Café Hollander has resumed offering seating on the Harwood pedestrian bridge to its customers.
The bridge that crosses the Menomonee River and connects more than 250 parking spaces to the heart of the Wauwatosa Village has reopened after nearly two months of construction.
Initially, the bridge and the Hart's Mill Parking Lot on the opposite side of the railroad tracks were scheduled to undergo a facelift. The old, red brick pavers were removed and stamp concrete was to be installed. The construction schedule called for the area to reopen by June 5.
However, construction crews discovered the concrete panels that create the expanse were disintegrating due to water damage. They had to be removed and replaced, work that required a large crane to be brought to the site.
Even with the extra work, the opening was only delayed by about two weeks, said Kathy Ehley, Village Business Improvement District executive director.
She credited the flexibility of the city and contractors to make the project a priority.
"Everybody was really going the extra mile to make this happen," she said.
Village officials wanted to see the bridge open for this past Saturday morning's Tosa Farmers Market. But when Ehley arrived, she noticed contractors getting ready to put a final seal on the concrete, a process that takes time to cure and would require the bridge remained shut down.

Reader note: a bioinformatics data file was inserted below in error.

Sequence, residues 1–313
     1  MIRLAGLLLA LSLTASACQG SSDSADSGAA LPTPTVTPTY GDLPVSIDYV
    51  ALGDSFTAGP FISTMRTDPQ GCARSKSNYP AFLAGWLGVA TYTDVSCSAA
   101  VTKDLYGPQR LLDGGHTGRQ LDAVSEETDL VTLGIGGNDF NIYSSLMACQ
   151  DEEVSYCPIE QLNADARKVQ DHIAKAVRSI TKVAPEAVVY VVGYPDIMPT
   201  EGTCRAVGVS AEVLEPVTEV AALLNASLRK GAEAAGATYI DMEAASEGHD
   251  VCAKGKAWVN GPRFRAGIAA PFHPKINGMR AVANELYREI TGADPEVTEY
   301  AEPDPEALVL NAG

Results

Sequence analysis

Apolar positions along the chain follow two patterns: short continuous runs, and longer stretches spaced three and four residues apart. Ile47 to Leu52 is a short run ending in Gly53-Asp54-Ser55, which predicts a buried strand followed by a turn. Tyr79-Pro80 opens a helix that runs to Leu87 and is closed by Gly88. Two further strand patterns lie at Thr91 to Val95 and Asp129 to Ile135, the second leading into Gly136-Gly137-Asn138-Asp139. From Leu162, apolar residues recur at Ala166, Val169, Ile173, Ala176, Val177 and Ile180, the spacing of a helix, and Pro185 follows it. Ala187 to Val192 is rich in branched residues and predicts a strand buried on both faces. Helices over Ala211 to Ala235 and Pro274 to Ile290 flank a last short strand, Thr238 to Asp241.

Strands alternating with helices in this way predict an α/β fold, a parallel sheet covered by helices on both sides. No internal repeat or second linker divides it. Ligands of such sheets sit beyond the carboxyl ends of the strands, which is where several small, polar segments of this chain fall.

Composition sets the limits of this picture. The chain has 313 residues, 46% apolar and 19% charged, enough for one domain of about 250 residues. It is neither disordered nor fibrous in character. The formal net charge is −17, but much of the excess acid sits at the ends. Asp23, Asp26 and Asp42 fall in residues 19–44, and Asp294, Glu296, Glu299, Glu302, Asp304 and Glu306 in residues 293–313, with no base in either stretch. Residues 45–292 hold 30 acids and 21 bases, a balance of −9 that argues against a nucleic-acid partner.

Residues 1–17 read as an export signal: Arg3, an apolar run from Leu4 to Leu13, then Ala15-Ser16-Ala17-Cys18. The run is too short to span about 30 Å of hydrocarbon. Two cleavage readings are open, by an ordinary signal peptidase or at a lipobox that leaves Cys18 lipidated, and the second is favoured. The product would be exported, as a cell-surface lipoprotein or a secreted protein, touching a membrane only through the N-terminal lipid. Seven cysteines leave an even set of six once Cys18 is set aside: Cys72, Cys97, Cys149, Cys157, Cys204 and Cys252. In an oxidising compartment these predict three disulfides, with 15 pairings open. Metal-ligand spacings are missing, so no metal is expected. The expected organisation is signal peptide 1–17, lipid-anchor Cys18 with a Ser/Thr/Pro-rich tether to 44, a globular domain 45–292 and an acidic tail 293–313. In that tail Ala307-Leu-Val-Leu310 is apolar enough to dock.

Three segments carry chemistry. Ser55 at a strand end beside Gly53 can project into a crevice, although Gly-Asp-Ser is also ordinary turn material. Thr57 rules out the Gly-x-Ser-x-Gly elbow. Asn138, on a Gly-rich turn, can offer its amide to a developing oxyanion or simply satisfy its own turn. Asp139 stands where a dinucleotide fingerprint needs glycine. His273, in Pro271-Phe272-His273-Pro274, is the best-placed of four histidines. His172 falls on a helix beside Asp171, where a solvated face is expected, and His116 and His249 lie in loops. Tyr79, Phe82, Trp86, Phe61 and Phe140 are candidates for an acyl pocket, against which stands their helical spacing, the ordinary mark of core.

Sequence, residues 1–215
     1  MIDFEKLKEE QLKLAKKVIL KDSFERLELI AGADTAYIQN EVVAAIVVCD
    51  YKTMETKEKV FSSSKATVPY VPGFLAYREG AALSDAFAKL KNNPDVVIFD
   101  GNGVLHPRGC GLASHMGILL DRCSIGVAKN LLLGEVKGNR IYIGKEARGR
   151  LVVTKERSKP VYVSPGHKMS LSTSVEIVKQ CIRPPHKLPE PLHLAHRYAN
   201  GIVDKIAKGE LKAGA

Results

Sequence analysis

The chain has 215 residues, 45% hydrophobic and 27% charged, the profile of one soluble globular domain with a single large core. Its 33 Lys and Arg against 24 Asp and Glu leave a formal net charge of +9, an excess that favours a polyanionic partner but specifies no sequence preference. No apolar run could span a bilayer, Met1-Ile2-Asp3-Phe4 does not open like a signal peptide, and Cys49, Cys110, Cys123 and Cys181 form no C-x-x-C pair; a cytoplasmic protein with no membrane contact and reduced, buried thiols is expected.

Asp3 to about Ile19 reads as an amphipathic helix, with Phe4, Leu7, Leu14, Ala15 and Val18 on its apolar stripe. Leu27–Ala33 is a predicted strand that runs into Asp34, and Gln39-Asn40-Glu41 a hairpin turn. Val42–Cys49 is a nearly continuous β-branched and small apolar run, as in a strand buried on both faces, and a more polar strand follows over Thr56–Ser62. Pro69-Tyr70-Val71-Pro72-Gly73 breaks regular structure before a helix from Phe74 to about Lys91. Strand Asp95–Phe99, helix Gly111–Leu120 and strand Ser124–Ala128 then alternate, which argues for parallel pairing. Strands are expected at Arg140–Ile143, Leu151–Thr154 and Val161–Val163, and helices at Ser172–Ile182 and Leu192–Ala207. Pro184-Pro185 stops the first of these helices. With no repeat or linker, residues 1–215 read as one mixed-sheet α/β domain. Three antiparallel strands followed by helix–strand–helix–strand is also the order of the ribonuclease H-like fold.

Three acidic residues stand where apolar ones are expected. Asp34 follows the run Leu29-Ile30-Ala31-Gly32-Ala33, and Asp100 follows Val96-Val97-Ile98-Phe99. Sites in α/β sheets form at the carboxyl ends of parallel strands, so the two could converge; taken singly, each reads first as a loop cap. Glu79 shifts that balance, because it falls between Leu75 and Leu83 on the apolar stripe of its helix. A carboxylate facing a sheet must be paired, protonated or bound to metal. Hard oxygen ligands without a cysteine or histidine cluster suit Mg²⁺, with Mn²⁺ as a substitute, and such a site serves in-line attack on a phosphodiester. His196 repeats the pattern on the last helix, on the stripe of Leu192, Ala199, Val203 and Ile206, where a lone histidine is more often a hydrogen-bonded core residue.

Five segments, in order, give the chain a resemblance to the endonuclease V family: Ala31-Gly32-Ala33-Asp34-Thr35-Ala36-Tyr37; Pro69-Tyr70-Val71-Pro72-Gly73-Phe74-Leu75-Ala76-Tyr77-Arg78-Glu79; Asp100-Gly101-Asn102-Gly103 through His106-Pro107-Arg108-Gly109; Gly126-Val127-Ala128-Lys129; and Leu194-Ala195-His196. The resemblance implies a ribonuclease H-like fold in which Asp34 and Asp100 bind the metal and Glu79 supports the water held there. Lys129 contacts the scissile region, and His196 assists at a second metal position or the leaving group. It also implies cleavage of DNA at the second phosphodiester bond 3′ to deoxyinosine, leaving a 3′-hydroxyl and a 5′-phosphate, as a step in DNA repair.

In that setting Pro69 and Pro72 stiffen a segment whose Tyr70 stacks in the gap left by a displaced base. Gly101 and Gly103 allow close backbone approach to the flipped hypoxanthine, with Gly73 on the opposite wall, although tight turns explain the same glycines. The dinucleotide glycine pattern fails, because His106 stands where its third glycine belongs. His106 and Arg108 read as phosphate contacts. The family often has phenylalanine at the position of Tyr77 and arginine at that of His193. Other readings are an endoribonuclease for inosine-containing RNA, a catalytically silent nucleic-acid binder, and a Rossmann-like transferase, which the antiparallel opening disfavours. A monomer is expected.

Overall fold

Workers were kind enough to leave and return that afternoon, which meant hundreds of people were able to walk across and patronize both the market and the small businesses in the Village.
Today is the first day Café Hollander's tables and chairs were allowed on the improved bridge. There was a waiting period to make sure the outdoor furniture didn't scratch the sealant. In addition, the restaurant's new fountain is installed and operating.
Employees of Café Hollander and many other Village businesses also get their parking spots back. For months, the BID has tried to get workers to park in the Hart's Mill and lot behind the Little Red Store, so spaces closer to the businesses could be used by patrons.
The look of the new bridge is a huge improvement, Ehley said. Since geographically it's a low point, it can be seen by people driving into the Village.
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